9 Grammatical Pitfalls
Old English -slician (in nigslicod "newly made sleek"), from Proto-Germanic *slikojan, from base *slikaz (cf. Old Norse slikr "smooth," Old High German slihhan "to glide," German schleichen "to creep, crawl, sneak," Dutch slijk "mud, mire"), from PIE *sleig- "to smooth, glide, be muddy," from root *(s)lei- "slimy" (see slime (n.)). Related: Slicked; slicking.
1620s, a kind of cosmetic, from slick (v.). Meaning "smooth place on the surface of water caused by oil, etc." is attested from 1849. Meaning "a swindler, clever person" is attested from 1959.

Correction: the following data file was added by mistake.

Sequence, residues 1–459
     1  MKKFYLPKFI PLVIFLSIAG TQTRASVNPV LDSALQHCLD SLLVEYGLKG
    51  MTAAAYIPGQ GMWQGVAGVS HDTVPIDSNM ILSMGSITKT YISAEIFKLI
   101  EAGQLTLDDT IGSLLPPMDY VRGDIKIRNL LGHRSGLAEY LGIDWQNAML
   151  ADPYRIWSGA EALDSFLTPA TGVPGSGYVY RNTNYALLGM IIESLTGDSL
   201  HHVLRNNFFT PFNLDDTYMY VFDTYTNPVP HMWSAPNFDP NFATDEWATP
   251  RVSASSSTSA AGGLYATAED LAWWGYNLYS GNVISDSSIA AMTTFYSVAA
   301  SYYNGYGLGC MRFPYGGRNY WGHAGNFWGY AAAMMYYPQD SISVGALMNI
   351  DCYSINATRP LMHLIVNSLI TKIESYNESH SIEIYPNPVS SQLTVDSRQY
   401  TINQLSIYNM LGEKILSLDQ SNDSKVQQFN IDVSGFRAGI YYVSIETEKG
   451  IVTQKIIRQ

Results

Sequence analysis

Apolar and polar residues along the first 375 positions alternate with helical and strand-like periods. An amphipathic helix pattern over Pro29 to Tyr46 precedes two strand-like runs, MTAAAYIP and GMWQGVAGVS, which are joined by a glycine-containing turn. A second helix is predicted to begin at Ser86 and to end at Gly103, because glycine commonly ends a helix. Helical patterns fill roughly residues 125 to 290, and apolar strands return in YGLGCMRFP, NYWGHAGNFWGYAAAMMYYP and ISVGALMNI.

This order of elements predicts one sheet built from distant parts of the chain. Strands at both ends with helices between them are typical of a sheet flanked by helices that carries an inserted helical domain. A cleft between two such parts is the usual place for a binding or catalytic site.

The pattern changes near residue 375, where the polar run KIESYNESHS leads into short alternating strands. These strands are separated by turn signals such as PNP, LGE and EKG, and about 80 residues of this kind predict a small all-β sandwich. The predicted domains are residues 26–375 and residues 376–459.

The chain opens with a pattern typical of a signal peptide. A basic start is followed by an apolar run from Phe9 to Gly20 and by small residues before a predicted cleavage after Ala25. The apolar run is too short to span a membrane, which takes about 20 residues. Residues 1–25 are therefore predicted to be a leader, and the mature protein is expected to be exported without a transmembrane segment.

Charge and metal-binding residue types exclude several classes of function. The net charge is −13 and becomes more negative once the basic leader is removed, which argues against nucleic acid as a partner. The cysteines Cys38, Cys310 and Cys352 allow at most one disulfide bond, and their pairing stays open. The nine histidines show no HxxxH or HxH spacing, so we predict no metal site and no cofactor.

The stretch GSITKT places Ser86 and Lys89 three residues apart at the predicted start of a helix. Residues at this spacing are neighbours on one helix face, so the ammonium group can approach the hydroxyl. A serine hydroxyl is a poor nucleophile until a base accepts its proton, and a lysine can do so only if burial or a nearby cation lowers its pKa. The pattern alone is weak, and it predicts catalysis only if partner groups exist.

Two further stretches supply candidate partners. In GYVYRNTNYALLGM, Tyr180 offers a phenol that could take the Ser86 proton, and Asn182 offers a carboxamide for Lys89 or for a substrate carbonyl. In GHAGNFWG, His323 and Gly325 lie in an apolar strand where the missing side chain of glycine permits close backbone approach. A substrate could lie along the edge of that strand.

early 14c., "smooth, glossy, sleek" (of skin or hair); sense of "clever in deception" is first recorded 1590s; that of "first-class, excellent" is from 1833. Related: Slickly; slickness.
To reduce to smaller pieces, inferentially by cutting up: Congress is the single most unpopular American institution other than the income tax; slicing and dicing its committees will bring the GOP only high praise/ Derivatives allow people to transfer risk, to slice and dice it into little pieces and pass it on/ The Court decided that this broad requirement could be sliced and diced
[1970s+; fr the preparation of cooking ingredients by slicing and dicing them]